In a recent discussion on the website of Advisor Perspectives, a widely read site for industry professionals, I was asked about the performance of active value managers. Specifically, the question was: While, overall, the evidence clearly demonstrates that active management is highly likely to underperform well-designed passively managed funds, are outcomes any different for active value managers?
My response was a simple test to examine Morningstar rankings earned by the passively managed value funds of Dimensional Fund Advisors (DFA). (Full disclosure: My firm, Buckingham, recommends Dimensional funds in constructing client portfolios.) Using these funds means that no individual stock selection or market timing is involved, and that there’s no hindsight bias at work here.
The table below shows the 15-year percentile rankings for DFA value funds as of Jan. 31, 2014. When examining the data, keep in mind that Morningstar rankings contain survivorship bias, meaning they capture the results of only those funds that have survived the entire 15-year period. Given that about 7 percent of all funds disappear every year, if the rankings were corrected for that bias, DFA’s funds would have placed even higher.
Even without accounting for survivorship bias in the data, with an average ranking of just more than 12, the DFA’s value funds outperformed about 88 percent of all actively managed value funds. And given that actively managed funds are typically less tax efficient, it’s likely that, after both these factors are taken into account, DFA’s rankings would have been higher still.
The SPIVA Results
For further evidence on the performance of active value managers, we can turn to the latest SPIVA U.S. Scorecard, from midyear 2014, provided by Standard and Poor’s. We’ll examine the data for the five-year period ending June 2014.
- With the S&P 500 Value Index as the benchmark, 82 percent of active value funds underperformed. The index returned 18.5 percent and the average (equal-weighted) active fund returned 16.8 percent, an underperformance of 1.7 percentage points per year. On an asset-weighted basis, the figures were the same.
- With the S&P 400 Mid-Cap Value Index as the benchmark, 81 percent of active value funds underperformed. The index returned 21.9 percent and the average (equal-weighted) active fund returned 20.2 percent, an underperformance of 1.7 percentage points. On an asset-weighted basis, the figures were 21.7 percent and 19.7 percent, respectively, producing even larger underperformance of 2.0 percentage points a year.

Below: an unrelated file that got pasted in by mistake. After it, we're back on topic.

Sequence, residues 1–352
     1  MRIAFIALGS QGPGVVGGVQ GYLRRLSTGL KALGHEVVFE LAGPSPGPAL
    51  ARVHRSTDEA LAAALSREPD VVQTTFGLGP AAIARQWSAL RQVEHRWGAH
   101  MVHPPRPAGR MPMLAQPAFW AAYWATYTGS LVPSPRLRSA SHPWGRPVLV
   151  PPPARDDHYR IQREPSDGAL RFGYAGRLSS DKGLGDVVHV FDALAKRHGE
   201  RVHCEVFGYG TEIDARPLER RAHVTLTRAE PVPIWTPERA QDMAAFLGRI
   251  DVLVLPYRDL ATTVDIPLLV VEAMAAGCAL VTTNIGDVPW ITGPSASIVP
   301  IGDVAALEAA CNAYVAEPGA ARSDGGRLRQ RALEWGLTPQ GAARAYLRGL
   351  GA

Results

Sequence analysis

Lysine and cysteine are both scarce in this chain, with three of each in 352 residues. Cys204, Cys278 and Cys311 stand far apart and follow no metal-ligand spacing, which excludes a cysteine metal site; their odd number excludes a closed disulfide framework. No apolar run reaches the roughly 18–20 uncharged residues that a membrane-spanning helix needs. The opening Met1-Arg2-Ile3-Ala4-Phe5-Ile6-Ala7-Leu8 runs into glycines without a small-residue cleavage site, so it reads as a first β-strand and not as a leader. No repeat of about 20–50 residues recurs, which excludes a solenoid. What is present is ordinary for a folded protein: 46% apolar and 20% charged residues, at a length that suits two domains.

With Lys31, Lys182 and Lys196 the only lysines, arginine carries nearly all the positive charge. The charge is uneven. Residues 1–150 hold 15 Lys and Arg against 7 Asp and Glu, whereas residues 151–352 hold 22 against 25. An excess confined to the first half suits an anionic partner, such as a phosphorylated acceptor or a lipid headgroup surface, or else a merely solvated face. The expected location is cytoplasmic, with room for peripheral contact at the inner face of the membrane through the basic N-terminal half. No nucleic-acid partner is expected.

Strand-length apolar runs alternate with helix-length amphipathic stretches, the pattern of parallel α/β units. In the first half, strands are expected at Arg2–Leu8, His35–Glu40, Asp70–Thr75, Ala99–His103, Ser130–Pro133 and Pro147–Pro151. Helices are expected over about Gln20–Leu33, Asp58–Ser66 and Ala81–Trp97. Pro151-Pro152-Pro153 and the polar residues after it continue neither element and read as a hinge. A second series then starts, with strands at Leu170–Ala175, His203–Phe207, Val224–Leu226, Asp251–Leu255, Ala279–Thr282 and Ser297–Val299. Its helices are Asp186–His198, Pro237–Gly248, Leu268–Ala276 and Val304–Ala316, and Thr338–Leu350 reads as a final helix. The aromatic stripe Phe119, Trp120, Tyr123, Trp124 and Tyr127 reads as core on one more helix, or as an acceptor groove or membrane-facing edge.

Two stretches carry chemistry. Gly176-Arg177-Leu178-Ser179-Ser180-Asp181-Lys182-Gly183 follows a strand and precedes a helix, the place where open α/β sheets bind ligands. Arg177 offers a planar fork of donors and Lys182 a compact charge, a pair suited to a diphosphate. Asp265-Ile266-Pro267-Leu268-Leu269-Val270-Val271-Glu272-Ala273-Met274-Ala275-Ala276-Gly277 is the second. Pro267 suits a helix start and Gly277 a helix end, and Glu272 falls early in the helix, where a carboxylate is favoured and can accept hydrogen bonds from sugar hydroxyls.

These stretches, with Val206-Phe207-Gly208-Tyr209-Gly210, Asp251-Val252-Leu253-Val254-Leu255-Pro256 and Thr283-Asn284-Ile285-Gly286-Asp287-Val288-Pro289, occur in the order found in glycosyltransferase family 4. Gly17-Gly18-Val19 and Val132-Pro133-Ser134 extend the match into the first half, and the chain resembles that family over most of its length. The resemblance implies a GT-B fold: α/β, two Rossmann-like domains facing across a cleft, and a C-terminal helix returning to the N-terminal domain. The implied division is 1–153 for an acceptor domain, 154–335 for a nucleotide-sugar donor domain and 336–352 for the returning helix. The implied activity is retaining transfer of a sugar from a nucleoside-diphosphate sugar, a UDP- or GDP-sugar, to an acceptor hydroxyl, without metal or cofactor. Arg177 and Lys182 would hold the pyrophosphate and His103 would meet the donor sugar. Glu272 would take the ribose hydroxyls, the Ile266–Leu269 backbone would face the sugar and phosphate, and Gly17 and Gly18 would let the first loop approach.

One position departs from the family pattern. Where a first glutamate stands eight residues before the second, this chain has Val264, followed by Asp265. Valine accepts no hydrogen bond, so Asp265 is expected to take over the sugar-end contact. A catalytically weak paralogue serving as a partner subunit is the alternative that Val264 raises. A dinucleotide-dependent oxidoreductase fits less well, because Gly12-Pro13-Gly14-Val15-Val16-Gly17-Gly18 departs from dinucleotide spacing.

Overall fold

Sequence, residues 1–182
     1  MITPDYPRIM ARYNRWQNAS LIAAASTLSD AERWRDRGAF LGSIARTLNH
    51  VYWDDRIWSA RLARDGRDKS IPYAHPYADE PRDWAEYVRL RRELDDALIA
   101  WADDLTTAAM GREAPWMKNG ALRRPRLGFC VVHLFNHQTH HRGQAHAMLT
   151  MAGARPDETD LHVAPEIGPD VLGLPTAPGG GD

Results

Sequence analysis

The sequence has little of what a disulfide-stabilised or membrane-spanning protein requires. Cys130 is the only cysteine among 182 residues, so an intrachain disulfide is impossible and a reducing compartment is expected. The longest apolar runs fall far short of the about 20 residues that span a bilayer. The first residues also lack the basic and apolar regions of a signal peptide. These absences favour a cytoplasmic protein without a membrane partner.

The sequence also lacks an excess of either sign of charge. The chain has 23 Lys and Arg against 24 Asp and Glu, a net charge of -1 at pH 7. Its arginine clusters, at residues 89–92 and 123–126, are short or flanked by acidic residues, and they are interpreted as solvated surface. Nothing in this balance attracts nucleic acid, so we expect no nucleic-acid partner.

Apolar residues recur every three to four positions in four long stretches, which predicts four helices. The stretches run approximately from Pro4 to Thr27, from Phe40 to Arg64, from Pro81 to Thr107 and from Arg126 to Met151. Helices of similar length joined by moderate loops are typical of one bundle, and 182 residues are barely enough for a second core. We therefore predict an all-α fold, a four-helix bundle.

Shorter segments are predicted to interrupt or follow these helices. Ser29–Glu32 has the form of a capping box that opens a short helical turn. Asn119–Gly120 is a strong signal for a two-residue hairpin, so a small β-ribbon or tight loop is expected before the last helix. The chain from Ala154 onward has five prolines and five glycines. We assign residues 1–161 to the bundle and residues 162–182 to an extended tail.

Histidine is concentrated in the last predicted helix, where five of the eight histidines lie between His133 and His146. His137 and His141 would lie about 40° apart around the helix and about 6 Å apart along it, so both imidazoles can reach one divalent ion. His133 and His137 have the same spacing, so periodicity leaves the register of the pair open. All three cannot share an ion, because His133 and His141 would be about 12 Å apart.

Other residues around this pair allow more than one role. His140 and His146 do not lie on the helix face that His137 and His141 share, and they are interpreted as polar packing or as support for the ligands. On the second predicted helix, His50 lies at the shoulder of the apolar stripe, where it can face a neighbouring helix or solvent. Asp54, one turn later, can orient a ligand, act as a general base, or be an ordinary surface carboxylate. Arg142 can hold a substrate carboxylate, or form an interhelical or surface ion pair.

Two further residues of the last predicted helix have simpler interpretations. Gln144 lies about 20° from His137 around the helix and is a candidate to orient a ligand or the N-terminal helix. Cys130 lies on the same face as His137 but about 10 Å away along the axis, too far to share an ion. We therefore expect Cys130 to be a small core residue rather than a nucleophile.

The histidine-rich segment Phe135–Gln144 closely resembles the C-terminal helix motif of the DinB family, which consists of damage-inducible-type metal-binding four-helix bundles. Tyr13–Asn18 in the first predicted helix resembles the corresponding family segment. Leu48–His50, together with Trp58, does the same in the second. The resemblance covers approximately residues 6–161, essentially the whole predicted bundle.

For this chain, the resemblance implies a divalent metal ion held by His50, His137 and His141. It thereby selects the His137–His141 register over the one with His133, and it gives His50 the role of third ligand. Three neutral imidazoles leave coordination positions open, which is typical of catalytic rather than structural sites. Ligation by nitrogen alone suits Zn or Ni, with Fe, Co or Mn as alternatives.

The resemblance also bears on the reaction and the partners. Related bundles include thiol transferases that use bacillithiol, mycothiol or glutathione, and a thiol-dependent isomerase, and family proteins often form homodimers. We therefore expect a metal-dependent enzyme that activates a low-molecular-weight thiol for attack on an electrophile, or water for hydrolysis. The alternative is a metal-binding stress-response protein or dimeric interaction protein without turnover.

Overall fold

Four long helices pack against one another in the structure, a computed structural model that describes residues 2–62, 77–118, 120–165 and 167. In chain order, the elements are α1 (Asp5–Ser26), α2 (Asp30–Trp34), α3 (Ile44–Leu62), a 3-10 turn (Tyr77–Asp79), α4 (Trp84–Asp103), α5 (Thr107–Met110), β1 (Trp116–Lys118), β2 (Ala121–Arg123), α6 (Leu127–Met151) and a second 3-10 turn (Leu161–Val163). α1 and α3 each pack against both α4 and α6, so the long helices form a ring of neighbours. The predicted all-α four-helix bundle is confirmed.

- With the S&P 600 Small-Cap Value Index as the benchmark, 78 percent of active value funds underperformed. The index returned 21.7 percent and the average (equal-weighted) active fund returned 19.7 percent, an underperformance of 2.0 percentage points. On an asset-weighted basis, the figures are 21.7 percent and 19.6 percent, respectively, producing slightly larger underperformance of 2.1 percentage points a year. Note the largest underperformance came in supposedly more inefficient small-cap stocks.
Increasingly A Loser’s Game
These results provide a powerful example of just how extensive a loser’s game active management can be, even for value investors. Making matters worse is that there’s compelling evidence (presented in my new book, “The Incredible Shrinking Alpha”) that the hurdles to generating alpha, or risk-adjusted outperformance, are getting higher and higher. My co-author Andrew Berkin and I provide evidence on four powerful themes:
- Academic research is turning what once was alpha into beta, or exposure to common factors, which can be accessed with low-cost, passively managed funds such as index funds, ETFs and funds from providers like DFA, Bridgeway and AQR Capital.
- The supply of victims that can be exploited is shrinking (there are fewer “suckers” at the poker table) as past losers abandon the game of active management.
- As the losers drop out, the remaining competition is getting persistently tougher to beat.
- The supply of dollars chasing the limited and shrinking sources of alpha have dramatically increased.
Larry Swedroe is the director of research for the BAM Alliance, a community of more than 150 independent registered investment advisors throughout the country.